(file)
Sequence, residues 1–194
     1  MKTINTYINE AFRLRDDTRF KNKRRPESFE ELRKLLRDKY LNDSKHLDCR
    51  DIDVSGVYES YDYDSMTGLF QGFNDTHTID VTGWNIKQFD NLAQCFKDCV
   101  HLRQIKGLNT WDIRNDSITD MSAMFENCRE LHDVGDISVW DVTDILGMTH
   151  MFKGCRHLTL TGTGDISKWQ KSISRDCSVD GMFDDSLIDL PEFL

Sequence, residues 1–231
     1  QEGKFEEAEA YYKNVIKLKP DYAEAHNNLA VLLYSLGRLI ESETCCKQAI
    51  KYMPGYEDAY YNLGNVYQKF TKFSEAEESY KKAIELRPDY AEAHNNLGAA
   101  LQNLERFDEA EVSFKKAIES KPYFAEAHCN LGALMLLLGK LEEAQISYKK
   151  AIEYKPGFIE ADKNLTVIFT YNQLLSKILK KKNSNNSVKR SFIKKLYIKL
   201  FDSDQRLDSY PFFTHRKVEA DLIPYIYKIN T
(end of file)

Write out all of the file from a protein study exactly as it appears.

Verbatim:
Sequence, residues 1–194
     1  MKTINTYINE AFRLRDDTRF KNKRRPESFE ELRKLLRDKY LNDSKHLDCR
    51  DIDVSGVYES YDYDSMTGLF QGFNDTHTID VTGWNIKQFD NLAQCFKDCV
   101  HLRQIKGLNT WDIRNDSITD MSAMFENCRE LHDVGDISVW DVTDILGMTH
   151  MFKGCRHLTL TGTGDISKWQ KSISRDCSVD GMFDDSLIDL PEFL

Sequence, residues 1–231
     1  QEGKFEEAEA YYKNVIKLKP DYAEAHNNLA VLLYSLGRLI ESETCCKQAI
    51  KYMPGYEDAY YNLGNVYQKF TKFSEAEESY KKAIELRPDY AEAHNNLGAA
   101  LQNLERFDEA EVSFKKAIES KPYFAEAHCN LGALMLLLGK LEEAQISYKK
   151  AIEYKPGFIE ADKNLTVIFT YNQLLSKILK KKNSNNSVKR SFIKKLYIKL
   201  FDSDQRLDSY PFFTHRKVEA DLIPYIYKIN T